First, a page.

“Sound Matters (or: What to do with the money?)” at Errant Bodies
Errant Bodies is a project space dedicated to experimental sound art, run by a group of artists, researchers, and writers. In 2016, the Berlin Senate awarded the space a €30,000 award that goes to non-market oriented, Berlin-based groups. For Berlin Art Week, the collective will exhibit their work, and reflect on the impact that money, its lack or gain, can have on a project space, a topic that is increasingly relevant to the changing landscape of Berlin with its real estate developments. Errant Bodies and other winners of the “Projektraumpreis” will celebrate with a Friday night party at Bar Babette.

Natascha Sadr Haghighian at n.b.k.
For “onco-mickey-catch,” Natascha Sadr Haghighian investigates a video calling app called CatchEye. Developed in Switzerland and Israel for military research, the technology is now being adapted for commercial use. CatchEye technology detects the users’ faces, and aligns their eyes so that they appear to look directly at each other, rather than at the image of their video call companion on their screen. The artist installed the technology into a sculptural taxidermy mouse for a clinical installation at n.b.k.

Jerome Bel, <i>Gala</i>. Photo Dorothea Tuch courtesy Hebbel am Ufer, Berlin

Jerome Bel, Gala. Photo Dorothea Tuch courtesy Hebbel am Ufer, Berlin.

Jérôme Bel at HAU
For three nights during Berlin Art Week, French choreographer Jérôme Bel will show two works that could not be farther apart, but that are both central examples of his unique approach to dance and the stage arts. On September 15-16, viewers will get the chance to see one of his earliest pieces from 1995, simply titled Jérôme Bel. Stripped-down of any additional accoutrements, the dance focuses on the basics: light, music, and the body.
In stark contrast, on September 17, the trans-generational dance piece Gala (2015) gathers professional dancers and amateurs from all walks of life, bringing their personal tastes and approaches to movement to form one colorful and exhilarating performance. Each is a choreographer, a dancer, and a designer of the evening’s progress, and no one can stay immune to Bel’s absolute disarming of any attempt at judgement.

Artists’ films at Kino International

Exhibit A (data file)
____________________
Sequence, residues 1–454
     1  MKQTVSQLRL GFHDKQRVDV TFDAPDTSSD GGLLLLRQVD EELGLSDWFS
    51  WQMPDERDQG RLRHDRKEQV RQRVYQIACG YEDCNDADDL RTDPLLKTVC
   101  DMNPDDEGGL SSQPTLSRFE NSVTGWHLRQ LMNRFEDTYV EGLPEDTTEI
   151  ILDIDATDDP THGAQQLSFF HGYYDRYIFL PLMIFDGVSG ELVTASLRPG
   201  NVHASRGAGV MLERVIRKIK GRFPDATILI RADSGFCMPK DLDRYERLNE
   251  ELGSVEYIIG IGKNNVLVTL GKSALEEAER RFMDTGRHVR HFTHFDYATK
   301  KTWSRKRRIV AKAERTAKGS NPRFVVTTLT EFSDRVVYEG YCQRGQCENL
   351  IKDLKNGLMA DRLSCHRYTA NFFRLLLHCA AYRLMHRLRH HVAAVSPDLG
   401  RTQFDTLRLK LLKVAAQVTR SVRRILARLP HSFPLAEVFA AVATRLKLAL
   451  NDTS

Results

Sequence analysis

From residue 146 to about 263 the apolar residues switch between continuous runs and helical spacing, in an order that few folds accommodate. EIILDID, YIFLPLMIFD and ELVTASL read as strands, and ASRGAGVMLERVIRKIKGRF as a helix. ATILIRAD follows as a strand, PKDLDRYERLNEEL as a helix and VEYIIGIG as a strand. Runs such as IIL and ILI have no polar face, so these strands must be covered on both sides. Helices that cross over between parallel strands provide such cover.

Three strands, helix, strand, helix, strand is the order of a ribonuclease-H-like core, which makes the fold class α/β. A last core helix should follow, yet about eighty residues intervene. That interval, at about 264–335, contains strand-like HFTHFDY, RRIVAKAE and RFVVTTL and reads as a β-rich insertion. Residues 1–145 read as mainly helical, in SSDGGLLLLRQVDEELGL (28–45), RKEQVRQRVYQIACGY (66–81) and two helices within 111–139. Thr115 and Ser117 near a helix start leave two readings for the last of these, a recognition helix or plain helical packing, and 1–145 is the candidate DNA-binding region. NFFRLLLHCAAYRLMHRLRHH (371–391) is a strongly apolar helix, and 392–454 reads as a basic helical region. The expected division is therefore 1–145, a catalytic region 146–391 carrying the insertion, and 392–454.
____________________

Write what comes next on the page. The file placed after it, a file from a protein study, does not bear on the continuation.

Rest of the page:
One of Berlin’s most beautiful movie theaters, the GDR-era Kino International is hosting a 13-hours marathon program dedicated entirely to artists’ films. The program, which is free of charge, will offer visitors the unique opportunity to watch outstanding film works by internationally renowned artists to the big screen rather than the exhibition projection room. Curated by Marc Glöde, the program includes films by Yuri Ancarani, Kenneth Anger, Vajiko Chachkhiani, Cerith Wyn Evans, Barbara Hammer, Sharon Lockhart, Sarah Morris, Bruce Nauman, Olaf Nicolai, Stephen Prina, Ugo Rondinone, Christopher Roth, Erik van Lieshout, Lawrence Weiner, and Peter Welz. What’s more, the glass cases in front of Kino International will be converted to showcase works by Bruce Nauman.

Visualization, Elisabeth Wood, "Mitte in der Pampa!," Image: © Elisabeth Wood

Visualization, Elizabeth Wood, “Mitte in der Pampa!,” Image: ©Elisabeth Wood.

Mitte in der Pampa: Kunst im Untergrund 2016/2017
Mitte in der Pampa will take place at the neue Gesellschaft für bildende Kunst, and the U5 station Cottbusser Platz in Hellersdorf. A work by artist Elizabeth Wood called A Migrant’s Journey (After Winterreise) is an adaptation of Wilhelm Müller’s 1824 song cycle. Wood picked out certain lines from Müller’s original poem in order to create a new narrative, and to try to express the perspective of a contemporary migrant’s experience. The Hellersdorf setting was chosen specifically for the neighborhood’s reputation to be hostile towards immigrants.

Future Institutions, a panel discussion with Chris Dercon and Krist Gruijthuijsen
As part of the Young Curators Workshop at the 9th Berlin Biennale—a special program focusing on the idea of “Post-Contemporary” and conceived by philosopher Armen Avanessian—invited guests will discuss the biennale from a perspective that considers the end of linear time. One of the highlights of the week-long workshop is sure to be this public event on Future Institutions, at the Akademie der Künste on September 12, with Chris Dercon and Krist Gruijthuijsen, who are both starting their new positions in Berlin in early 2017: Dercon at the Volksbühne, and Gruijthuijsen at the KW Institute for contemporary art.